What Is a Staffing Company’s Liability for Harassment of Their Employees by the Client?


A recent case from the U.S. Court of Appeals for the Fifth Circuit provided some guidance on this question – and the answer turns on what the staffing company knew or should have known. (By the way, a client company can be liable for such harassment as a joint employer of the staffing company workers if it exercises sufficient control over their employment).

In Arredondo v. Elwood Staffing Services, Inc., two staffing company workers were assigned to a client company, where both were sexually harassed and one was sexually assaulted by a senior employee of the client company. One of the workers complained to the client employer and was fired following an investigation in which the client company determined the staffing company worker was at fault. She then reported the harassment to the staffing company, who told her to apply for another placement on its website, which she did not do because none of them met her criteria. The other worker resigned, and then told the staffing company of the harassment and assault. The staffing company contacted the client company, which conducted an investigation that resulted in the firing of the harasser. The workers sued both the client company and the staffing company under Title VII. The federal district court found that the staffing company could not be held liable for the harassment, although the client company could.

On appeal, the Fifth Circuit determined that the staffing company did not take any adverse action itself against the first worker, since it was not the one to fire her and it also directed her to apply for another placement. Moreover, the staffing company could only be liable for harassment by a client company employee of which it knew or should have known, and where it failed to take corrective action within its control.

As to the first worker, the staffing company was notified of the harassment after the worker was terminated by the client. It questioned the client company on the decision to fire the worker, and then directed the worker to apply for another placement, which she declined to do. The Fifth Circuit found that the staffing company was not required to do more than comply with its normal assignment process. The Fifth Circuit noted that there was nothing else the staffing company was legally required to do – it could not create job placements that met the worker’s criteria nor did it have the authority to force the client company to rehire her.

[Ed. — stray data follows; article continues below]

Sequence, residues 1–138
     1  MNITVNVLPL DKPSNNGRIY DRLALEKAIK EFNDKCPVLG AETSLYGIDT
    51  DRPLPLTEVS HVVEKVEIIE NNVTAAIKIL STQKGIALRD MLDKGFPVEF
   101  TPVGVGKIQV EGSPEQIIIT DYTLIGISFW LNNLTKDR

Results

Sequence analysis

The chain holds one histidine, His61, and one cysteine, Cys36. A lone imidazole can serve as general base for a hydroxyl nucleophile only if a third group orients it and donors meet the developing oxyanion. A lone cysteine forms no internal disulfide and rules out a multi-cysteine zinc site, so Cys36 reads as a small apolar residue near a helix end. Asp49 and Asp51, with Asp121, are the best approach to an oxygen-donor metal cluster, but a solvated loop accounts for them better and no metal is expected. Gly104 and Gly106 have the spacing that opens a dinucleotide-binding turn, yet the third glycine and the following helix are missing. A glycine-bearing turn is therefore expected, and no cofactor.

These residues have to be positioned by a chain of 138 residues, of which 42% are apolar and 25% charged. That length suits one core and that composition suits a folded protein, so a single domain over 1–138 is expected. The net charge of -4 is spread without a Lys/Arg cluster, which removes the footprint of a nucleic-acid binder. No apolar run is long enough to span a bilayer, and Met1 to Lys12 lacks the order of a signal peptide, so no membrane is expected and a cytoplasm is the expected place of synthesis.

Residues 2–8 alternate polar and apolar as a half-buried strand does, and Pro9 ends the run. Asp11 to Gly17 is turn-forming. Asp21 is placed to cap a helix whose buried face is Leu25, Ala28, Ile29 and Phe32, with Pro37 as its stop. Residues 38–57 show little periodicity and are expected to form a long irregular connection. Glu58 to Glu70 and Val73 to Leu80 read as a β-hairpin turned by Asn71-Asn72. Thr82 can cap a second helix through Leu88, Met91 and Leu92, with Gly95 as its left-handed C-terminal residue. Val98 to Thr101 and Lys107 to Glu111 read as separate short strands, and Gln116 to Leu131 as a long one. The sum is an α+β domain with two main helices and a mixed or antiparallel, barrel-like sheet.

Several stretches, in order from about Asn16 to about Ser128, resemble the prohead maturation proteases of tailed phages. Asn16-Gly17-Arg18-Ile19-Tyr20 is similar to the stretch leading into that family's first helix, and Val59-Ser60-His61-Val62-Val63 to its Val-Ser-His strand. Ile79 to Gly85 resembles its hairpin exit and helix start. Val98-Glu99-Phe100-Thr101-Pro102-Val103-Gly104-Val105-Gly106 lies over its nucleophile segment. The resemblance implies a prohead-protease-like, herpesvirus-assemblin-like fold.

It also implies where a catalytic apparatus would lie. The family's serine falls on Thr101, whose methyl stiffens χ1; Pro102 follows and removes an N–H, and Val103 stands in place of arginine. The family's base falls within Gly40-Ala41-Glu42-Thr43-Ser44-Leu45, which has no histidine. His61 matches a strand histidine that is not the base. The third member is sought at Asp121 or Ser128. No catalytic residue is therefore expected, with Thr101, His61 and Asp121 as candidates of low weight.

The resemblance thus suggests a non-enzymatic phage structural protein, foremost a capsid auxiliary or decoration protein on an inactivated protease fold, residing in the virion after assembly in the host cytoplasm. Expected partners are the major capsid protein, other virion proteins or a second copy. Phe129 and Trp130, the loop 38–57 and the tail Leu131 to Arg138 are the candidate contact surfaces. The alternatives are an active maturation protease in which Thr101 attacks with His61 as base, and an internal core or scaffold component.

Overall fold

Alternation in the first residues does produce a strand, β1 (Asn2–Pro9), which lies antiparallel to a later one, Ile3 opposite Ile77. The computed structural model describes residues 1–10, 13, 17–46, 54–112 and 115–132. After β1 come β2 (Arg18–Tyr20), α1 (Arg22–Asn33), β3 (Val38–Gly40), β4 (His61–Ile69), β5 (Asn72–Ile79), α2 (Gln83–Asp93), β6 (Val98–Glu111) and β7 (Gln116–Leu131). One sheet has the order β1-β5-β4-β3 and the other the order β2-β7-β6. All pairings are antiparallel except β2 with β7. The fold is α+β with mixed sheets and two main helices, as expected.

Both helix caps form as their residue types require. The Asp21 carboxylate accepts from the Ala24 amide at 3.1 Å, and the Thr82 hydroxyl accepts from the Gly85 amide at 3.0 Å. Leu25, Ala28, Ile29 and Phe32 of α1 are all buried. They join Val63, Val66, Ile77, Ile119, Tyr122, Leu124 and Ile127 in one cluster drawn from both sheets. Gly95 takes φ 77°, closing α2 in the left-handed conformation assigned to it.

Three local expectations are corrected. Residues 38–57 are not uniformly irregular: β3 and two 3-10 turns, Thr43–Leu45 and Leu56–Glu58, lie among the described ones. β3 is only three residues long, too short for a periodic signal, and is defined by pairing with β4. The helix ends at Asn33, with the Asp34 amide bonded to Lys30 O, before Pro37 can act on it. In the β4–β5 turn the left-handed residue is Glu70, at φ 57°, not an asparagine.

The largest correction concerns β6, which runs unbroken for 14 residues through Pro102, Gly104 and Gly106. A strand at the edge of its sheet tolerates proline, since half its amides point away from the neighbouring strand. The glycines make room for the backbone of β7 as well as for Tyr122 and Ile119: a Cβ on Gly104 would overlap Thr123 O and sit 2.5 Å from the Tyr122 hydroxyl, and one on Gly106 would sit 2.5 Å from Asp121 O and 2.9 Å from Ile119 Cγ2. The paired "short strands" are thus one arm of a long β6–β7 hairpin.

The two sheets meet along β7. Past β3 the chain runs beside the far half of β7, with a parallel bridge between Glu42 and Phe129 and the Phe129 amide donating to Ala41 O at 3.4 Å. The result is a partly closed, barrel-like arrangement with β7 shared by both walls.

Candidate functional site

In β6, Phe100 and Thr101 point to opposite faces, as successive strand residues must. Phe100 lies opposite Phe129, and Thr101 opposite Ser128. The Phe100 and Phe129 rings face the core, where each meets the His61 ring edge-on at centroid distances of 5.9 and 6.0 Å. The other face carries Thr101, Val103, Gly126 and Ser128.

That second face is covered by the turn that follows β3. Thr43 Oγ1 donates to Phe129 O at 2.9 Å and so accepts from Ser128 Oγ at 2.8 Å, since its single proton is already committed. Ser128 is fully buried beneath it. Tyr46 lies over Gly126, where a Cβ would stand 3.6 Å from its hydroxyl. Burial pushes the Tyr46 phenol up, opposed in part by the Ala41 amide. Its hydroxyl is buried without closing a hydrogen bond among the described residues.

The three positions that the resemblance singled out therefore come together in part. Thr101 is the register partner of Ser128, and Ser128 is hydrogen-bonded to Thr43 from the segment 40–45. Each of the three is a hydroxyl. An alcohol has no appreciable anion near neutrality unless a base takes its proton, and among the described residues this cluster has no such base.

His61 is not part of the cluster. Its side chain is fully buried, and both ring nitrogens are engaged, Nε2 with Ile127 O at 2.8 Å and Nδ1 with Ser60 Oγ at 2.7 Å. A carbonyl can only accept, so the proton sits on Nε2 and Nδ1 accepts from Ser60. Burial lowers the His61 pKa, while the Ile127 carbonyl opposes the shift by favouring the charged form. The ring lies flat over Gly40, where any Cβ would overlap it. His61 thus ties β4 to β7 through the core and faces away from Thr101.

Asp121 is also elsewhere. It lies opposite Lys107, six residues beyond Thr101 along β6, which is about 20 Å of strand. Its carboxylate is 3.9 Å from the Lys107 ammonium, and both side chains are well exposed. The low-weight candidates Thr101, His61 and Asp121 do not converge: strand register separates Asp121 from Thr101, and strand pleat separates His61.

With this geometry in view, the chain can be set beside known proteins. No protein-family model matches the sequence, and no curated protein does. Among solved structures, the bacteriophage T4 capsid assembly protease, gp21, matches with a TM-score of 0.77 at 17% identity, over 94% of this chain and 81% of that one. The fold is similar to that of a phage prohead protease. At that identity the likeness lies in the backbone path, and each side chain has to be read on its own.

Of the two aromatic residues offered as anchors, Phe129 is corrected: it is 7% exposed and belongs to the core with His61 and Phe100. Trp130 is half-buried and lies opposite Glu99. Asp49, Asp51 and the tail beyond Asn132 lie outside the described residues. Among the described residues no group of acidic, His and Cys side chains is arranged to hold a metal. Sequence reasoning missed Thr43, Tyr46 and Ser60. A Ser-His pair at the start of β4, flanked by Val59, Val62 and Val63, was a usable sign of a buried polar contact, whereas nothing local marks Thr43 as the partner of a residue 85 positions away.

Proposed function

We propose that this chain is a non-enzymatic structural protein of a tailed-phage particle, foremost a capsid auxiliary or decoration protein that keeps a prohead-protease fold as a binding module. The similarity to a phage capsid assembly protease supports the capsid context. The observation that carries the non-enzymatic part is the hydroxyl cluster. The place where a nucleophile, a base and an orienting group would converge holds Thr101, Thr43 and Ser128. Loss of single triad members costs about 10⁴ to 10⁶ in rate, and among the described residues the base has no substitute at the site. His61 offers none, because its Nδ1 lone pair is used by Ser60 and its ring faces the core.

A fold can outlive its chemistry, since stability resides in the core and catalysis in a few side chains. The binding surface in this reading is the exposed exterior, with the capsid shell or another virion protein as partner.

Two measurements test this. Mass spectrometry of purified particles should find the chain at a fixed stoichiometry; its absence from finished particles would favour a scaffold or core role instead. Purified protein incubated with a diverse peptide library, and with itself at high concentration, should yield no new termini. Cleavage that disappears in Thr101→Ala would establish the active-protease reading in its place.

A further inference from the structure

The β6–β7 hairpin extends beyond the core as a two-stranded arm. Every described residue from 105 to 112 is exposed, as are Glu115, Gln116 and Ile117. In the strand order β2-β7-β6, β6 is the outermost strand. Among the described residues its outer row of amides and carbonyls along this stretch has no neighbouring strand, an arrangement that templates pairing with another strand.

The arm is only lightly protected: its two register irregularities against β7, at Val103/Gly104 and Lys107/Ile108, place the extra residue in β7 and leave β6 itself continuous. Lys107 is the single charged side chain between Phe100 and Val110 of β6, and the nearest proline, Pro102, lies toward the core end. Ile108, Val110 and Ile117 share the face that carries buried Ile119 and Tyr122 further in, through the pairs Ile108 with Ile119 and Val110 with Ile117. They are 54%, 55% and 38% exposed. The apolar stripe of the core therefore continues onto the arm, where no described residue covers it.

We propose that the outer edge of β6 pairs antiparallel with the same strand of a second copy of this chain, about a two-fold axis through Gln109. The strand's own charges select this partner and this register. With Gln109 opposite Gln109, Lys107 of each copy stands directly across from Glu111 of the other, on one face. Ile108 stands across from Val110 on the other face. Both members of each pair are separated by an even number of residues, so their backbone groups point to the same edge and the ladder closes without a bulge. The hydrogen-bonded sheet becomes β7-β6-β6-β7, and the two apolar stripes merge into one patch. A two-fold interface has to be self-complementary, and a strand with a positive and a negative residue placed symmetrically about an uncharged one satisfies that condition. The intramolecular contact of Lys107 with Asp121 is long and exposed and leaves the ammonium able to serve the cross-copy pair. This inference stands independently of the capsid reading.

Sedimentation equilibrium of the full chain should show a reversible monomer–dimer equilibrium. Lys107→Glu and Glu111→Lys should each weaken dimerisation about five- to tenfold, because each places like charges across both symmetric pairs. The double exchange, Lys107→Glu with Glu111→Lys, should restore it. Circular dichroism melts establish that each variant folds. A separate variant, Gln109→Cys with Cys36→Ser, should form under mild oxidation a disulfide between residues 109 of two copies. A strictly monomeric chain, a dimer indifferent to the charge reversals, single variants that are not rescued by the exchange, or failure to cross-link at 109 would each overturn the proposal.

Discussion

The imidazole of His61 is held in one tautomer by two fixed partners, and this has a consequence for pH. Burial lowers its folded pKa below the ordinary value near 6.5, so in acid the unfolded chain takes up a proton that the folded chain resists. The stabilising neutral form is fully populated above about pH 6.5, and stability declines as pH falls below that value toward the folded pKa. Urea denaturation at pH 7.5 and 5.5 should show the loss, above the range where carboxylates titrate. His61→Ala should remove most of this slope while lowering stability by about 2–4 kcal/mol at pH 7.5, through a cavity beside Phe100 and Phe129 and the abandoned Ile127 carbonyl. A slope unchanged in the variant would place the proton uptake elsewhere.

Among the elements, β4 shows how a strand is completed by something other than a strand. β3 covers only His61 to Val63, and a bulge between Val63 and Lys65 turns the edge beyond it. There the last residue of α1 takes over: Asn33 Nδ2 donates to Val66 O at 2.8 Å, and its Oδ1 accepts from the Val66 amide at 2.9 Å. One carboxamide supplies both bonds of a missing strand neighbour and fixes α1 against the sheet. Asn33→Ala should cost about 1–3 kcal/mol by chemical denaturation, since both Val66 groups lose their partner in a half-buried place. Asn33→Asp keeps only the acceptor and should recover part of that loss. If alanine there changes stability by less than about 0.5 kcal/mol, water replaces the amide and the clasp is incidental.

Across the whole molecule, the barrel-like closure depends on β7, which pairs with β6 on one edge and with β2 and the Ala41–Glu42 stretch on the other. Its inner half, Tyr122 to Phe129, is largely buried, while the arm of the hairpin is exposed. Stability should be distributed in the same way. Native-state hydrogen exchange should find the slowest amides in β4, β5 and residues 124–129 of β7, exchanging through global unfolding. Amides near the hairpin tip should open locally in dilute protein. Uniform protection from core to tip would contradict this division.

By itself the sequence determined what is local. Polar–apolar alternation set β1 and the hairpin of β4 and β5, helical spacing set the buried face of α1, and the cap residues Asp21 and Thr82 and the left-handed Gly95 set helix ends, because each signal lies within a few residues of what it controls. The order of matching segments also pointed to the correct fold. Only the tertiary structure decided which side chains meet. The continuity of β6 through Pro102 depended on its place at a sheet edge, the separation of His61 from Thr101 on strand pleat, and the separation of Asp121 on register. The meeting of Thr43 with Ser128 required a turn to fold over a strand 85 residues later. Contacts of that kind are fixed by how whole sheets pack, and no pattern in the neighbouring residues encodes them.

As to the second worker, she claimed that the staffing company should have known of the harassment because of the first worker’s complaint. However, there was nothing to indicate that the second worker was experiencing the same conduct (and in fact, she was a witness against the first worker in the client company’s investigation into the first worker’s complaint). She also claimed that she did not complain earlier because it would have been futile, given how the first worker was treated. However, once the second worker made her complaint, the staffing company contacted the client company, and the resulting investigation ended in the harasser’s termination – so a complaint was clearly not futile.

So the lessons for staffing company employers is to ensure that they have clear policies against harassment by client company employees that includes a complaint procedure, that they communicate these policies to their own employees, that they do not ignore information from their clients that suggest their employees might be experiencing discrimination or harassment, that they follow up with the client company if their own employee reports discrimination or harassment by a client employee, and that they make available alternative placements for their own employee as appropriate (whether the employee has been fired from the client or no longer wishes to work there).